More Than Meets the Eye
Convinced she failed to win a journalism contest because of her gender, Bob Woodward-wannabe Terri (Joyce Hyser) decides to re-enter the contest as a guy in order to prove a point to her sexist English teacher and maybe win an internship with a swanky metropolitan newspaper. She cuts her hair, affects a husky drawl, shoves a sock down her pants, and enrolls at a new school, convinced that in a week she’ll be well on her way to achieving her dreams. Her plans, though, don’t go entirely as expected, and soon she’s (or “he’s”) battling school bullies, deflecting the advances of a young nymph, taking tips on ball-scratching from her teenaged brother, and falling in love with her new best friend, Rick (Clayton Rohner).
While it may not be entirely original, Just One of the Guys has more going for it than the standard adolescent cross-dressing flick, namely, a wry self-awareness. Just One of the Guys knows that we know that we’re going to see the obligatory girl-dressed-as-boy-in-locker-room scene and that our heroine is going to fall for a guy who’s clueless as to her true identity. But this film tweaks the clichés, giving its audience something to think about along with a few cheap laughs. Sadly, though, it’s mostly remembered for its titty-flash and the outrageous performance by Billy Jacoby as Terri’s young brother rather than for its intelligent storytelling.
This is not a movie about gender equality, nor is it a lesson in not judging a book by its cover. Unlike Nobody’s Perfect (1989), Anything for Love (1993) and Little Sister (1992), each of which used the gender-swapping storyline primarily as a means for their protagonists to score with a hot babe, this movie chooses instead to explore the ways in which societal constraints and perceived ideas of how boys and girls are supposed to act with each other can often hinder sexual growth. After a brief reference to Yentl the film’s gender-bending element is mostly relegated to the sidelines, leaving room for an odd love story between a boy and a girl pretending to be a boy.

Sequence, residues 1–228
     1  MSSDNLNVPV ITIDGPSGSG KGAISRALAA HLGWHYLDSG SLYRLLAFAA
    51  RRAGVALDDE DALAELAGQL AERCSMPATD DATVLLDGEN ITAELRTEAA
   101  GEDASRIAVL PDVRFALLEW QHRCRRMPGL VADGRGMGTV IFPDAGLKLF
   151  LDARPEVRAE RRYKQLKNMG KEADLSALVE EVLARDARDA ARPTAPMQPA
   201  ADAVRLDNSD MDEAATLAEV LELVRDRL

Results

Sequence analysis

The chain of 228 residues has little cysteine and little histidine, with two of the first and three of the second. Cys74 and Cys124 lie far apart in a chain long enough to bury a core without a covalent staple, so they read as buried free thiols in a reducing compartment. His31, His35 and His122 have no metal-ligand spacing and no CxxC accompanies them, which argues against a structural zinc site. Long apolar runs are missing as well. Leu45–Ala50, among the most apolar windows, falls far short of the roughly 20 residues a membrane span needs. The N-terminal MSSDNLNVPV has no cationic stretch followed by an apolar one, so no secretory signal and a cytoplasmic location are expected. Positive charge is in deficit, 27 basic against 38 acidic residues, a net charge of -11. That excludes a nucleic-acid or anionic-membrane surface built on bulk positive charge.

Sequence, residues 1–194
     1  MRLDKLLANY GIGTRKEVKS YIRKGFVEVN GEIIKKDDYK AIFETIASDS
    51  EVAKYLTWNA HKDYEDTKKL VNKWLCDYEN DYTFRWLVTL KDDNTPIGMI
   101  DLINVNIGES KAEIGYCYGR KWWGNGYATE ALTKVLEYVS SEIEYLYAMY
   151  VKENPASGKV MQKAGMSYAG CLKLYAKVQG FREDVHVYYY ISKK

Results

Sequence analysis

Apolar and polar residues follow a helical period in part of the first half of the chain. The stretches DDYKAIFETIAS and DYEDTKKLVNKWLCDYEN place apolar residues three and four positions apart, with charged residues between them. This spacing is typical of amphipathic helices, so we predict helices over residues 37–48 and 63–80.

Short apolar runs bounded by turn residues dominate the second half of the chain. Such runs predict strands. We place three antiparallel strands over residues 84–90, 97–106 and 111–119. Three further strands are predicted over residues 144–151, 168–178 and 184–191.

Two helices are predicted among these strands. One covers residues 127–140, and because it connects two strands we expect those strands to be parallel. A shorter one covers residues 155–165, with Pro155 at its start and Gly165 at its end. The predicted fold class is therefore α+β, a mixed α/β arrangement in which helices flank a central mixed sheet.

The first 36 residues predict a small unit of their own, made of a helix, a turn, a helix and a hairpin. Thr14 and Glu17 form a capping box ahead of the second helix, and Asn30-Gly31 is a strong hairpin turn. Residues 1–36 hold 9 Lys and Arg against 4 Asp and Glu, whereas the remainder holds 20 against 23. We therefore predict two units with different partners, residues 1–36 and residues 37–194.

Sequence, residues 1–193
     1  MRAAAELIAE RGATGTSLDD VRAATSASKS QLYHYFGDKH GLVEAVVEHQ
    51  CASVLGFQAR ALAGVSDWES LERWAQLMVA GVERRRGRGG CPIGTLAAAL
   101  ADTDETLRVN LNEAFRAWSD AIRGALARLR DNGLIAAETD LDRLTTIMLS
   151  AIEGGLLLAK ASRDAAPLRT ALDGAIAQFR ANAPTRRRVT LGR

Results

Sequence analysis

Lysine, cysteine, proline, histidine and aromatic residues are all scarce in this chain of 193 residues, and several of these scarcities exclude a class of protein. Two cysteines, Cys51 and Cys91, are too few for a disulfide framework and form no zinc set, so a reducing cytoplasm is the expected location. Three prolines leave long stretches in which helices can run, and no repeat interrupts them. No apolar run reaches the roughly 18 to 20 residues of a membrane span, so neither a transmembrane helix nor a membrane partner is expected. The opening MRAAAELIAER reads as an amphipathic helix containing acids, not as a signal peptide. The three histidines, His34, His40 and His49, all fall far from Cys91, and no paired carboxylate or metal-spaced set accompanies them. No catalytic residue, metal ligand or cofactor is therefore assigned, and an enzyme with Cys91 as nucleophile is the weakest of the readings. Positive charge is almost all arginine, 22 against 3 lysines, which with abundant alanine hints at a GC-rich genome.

Rick and Terri’s relationship is dealt with in a sophisticated way, succeeding in large measure because of Hyser’s earnest performance, and the fact that she makes a convincing boy. She’s so good, in fact, that after a few scenes in costume, it’s almost a shock to see her back in girl-mode. We believe Rick is falling for her because we believe in her. Terri might choose him because she finds him genuinely engaging and decidedly different from her bohunk boyfriend back home, but he chooses her rather unwittingly—he’s falling for her despite her gender, and is not outwardly afraid of that.
While Rick may not question his sexuality outright, his confusion is clearly visible in instances involving Terri accidentally getting a little too close for comfort. His emotions (and hers) are realistically outlined, rather than used as fodder for body-swapping gags. The interplay between the two is clever and affirming, so that their budding romance remains plausible, and sometimes rather intense, throughout.
The movie hits its mark, too, with its eccentric cast of supporting players. There’s no such thing as an extra here. Almost every actor on screen for longer than a frame is given a complete story arc, from Terri’s hornier-than-thou brother and the guy with all the reptiles to the gym teacher who speaks in bowling metaphors and the table-lifting jock (played by William Zabka, perennial ‘80s bad boy who was nominated this year for an Oscar for co-writing the Live Action Short Film, Most). It’s this kind of development and careful writing that adds to Just One of the Guys’ credibility, positing that some ‘80s teen flicks had a few brains to go along with the hot bods, cool tunes, and rad cars.
It’s a real pity, then, that the DVD itself does not match the quality of the film, with Columbia seeing fit to offer up a poor print, full-frame, with slight sound and color issues, and only a few trailers as bonus features. It almost makes you wonder why they even bothered. Still, Just One of the Guys is worth repeated viewing, especially for Hyser’s hilarious and charismatic performance. Okay, and the titty-flash.